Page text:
Immigration detention center gets certified as child care center
Hang on for a minute...we're trying to find some more stories you might like.
Email This Story
Igor Zyazin, 46, a Russian man detained at the Otay Detention Center in San Diego, was found unresponsive and pronounced dead on Sunday, April 2. Zyazin had been picked by ICE at the San Ysidro checkpoint on the Mexican border on April 24 and was being held pending an interview with officials to determine his status. He is the sixth detainee to die in ICE detention since October.
The ACLU, after doing a public records review of traffic stops conducted by Tucson police, reports that many drivers have been held longer than necessary in order to check their immigration status. Arizona’s controversial SB 1070 law allows law enforcement to check the immigration status of drivers during traffic stops. But the ACLU alleges that the stops were prolonged while officers conducted the immigration checks, and also condemns the Border Patrol for participating in these prolonged stops. The civil rights organization has sent a letter to Tucson’s Chief of Police, Chris Magnus, calling for an end to prolonged stops and better training for officers. They also sent a letter to Homeland Security Secretary, Jeh Johnson, calling for DHS to uphold the Obama administration’s promise of limiting federal government involvement in Arizona’s enforcement of SB 1070.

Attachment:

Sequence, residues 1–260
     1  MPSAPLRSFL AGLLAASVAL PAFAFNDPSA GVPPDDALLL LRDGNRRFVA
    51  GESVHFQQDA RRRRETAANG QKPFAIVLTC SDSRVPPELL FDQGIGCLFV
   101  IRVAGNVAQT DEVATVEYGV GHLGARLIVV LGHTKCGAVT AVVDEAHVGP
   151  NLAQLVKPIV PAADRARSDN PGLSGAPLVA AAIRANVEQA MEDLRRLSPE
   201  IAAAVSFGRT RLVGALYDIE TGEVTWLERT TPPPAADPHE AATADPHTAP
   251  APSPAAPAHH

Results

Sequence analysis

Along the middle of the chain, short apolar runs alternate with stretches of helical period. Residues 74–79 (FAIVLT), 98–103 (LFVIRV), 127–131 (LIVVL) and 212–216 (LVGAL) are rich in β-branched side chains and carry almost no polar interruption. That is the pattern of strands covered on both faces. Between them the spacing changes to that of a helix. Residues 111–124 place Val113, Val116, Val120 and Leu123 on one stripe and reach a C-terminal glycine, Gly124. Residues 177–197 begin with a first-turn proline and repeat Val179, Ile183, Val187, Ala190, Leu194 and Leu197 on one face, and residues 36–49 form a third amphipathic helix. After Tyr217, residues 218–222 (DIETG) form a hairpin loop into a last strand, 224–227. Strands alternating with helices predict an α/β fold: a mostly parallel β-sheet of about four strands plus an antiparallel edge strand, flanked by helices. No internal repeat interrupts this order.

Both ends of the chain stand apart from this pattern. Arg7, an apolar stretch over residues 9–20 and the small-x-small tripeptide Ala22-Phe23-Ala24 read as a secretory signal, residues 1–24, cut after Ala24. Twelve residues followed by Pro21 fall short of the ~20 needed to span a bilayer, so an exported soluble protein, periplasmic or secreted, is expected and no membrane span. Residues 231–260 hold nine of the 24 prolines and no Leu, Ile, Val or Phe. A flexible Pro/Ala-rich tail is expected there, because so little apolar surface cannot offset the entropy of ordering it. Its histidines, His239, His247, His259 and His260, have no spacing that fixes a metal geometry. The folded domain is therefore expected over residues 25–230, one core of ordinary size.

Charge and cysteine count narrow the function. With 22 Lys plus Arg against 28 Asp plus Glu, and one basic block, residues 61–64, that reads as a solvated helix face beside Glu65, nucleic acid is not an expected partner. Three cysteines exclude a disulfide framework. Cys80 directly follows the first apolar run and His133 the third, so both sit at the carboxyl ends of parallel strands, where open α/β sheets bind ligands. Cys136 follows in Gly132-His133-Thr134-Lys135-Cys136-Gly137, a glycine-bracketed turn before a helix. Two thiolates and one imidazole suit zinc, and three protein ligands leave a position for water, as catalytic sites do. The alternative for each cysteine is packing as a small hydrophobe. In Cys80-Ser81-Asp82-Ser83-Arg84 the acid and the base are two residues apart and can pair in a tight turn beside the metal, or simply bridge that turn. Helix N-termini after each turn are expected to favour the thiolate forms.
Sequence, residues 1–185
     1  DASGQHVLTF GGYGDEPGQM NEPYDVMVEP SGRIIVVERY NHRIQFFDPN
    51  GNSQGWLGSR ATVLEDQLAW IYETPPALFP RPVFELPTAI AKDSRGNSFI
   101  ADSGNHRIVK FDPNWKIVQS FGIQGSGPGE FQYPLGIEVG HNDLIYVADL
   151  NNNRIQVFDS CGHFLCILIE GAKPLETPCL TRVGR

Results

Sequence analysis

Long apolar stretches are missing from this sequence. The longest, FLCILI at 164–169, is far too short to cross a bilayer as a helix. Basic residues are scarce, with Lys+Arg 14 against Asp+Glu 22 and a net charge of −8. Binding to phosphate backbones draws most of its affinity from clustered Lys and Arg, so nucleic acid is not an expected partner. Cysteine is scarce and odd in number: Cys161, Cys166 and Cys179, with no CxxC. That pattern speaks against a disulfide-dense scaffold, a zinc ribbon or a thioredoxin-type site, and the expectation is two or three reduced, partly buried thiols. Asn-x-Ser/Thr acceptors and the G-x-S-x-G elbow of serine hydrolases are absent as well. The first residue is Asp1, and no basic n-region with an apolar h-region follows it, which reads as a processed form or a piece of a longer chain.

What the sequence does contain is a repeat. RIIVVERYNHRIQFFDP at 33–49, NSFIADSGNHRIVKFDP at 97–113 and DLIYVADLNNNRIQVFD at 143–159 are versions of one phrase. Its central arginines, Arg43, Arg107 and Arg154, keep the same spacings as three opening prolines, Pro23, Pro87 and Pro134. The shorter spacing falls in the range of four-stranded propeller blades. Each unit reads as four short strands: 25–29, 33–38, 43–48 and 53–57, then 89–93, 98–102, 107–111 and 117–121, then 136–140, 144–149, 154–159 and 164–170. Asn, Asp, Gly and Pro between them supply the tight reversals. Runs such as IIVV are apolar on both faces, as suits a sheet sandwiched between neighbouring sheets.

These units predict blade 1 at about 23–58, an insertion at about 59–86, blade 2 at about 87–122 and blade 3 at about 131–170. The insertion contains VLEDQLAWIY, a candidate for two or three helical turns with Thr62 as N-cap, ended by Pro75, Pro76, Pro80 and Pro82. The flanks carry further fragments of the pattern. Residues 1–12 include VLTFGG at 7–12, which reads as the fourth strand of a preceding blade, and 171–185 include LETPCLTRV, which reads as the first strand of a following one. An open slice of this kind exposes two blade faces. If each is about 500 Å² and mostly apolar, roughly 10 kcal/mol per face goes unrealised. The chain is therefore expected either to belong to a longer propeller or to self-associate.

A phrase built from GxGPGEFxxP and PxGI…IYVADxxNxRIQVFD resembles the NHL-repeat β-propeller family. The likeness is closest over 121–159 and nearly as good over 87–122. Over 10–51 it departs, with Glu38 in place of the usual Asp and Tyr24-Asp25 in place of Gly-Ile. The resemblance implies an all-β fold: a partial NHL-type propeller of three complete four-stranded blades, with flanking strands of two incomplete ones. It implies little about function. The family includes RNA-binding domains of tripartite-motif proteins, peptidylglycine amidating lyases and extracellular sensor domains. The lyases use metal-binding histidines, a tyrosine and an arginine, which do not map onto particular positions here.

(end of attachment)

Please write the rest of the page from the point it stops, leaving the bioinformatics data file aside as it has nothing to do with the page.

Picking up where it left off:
The Karnes County Residential Center, in Karnes City, Texas, has been granted a child care license by the Texas Department of Family and Protective Services. The private detention facility, which houses undocumented mothers and and their children, may now avoid a federal court ruling ordering the release of mothers and children from facilities not equipped for child care. Immigration activists claim the license is just a way to get around the ruling and does not reflect any change in inhumane conditions for detainees, especially for children.